Can anyone suggest good sources or papers to understand about experimental setup and procedure for measuring nerve conduction velocity for various types of neurons?

I wish to learn how such experiments are done and get insight on how they were able to classify neurons based on conduction velocities as (alpha beta gamma) or I / II / III grade neurons especially for neurons that have small distances between axon and dendrites for it might be difficult to insert probes at cell body and measure signal at the synapse of that neuron to measure time elapsed in signal conduction or they measure for few neurons in chain and average out the time taken for conduction velocity.


I think there are many ways to accomplish this in terms of technical detail, but they will all boil down to measuring the arrival of an action potential along the axon on at least two points with known distance from each other on the axon. From these two arrival times the latency can be deducted. Then, by dividing the distance between the elektrodes by the latency (i.e., the time it took the action potential from going from electrode 1 to number 2), the conduction speed can be estimated. In a paper by DeMaegd et al. (2017) they use extracellular electrodes and the figure in their paper is quite informative (Fig.1 ).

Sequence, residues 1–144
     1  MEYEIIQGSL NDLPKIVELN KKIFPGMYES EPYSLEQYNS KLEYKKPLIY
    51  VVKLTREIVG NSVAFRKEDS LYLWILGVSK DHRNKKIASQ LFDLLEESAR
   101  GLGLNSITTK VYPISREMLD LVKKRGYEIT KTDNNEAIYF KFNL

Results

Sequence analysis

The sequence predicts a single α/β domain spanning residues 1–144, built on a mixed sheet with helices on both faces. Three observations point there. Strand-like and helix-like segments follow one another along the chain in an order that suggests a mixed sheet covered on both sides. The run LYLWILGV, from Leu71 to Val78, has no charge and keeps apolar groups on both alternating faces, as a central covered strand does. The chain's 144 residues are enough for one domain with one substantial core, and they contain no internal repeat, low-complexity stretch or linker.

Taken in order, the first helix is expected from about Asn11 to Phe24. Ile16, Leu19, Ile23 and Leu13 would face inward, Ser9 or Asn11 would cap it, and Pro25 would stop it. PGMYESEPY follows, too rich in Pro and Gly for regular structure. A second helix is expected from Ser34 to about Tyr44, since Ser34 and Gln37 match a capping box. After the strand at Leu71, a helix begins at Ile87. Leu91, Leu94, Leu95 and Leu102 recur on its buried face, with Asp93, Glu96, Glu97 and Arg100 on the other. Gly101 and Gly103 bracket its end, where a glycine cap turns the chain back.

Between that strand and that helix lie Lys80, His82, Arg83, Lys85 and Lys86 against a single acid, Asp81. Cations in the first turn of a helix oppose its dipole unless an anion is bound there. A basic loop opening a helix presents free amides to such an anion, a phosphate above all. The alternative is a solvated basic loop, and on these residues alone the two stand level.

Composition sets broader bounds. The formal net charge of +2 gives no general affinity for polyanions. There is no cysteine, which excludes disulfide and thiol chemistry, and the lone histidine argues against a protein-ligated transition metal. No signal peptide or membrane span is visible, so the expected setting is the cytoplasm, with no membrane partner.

Fig. 1. Measuring axon conduction velocity by recording action potentials. source: DeMaegd et al. (2017)

- DeMaegd et al., Bio Protocol (2017); 7(5)

  • $\begingroup$ Thanks but in C where signal is generated between wells , for well 1 wouldn't that mean signal is going backwards which is highly is restricted and why is second signal more sharp i.e more amplitude than before should it not attentuate (or is that because of amplification - related to experimental setup ?) $\endgroup$ – pavan sai Feb 12 at 3:47
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    $\begingroup$ @pavansai - The retrograde AP in (C) is certainly possible; axons are not unidirectional; on the contrary, they sustain 2-way traffic. The refractory characteristics take care of the restriction that a running action potential proceeds unidirectionally and cannot propagate back to its point of origin. This restriction applies to anterograde APs as well as for antidromic APs. The different shape of the 2 APs in the graph have no physiological meaning; they are drawn that way in panels B and C identically. $\endgroup$ – AliceD Feb 12 at 8:11
  • $\begingroup$ thanks for explaining $\endgroup$ – pavan sai Feb 13 at 5:18

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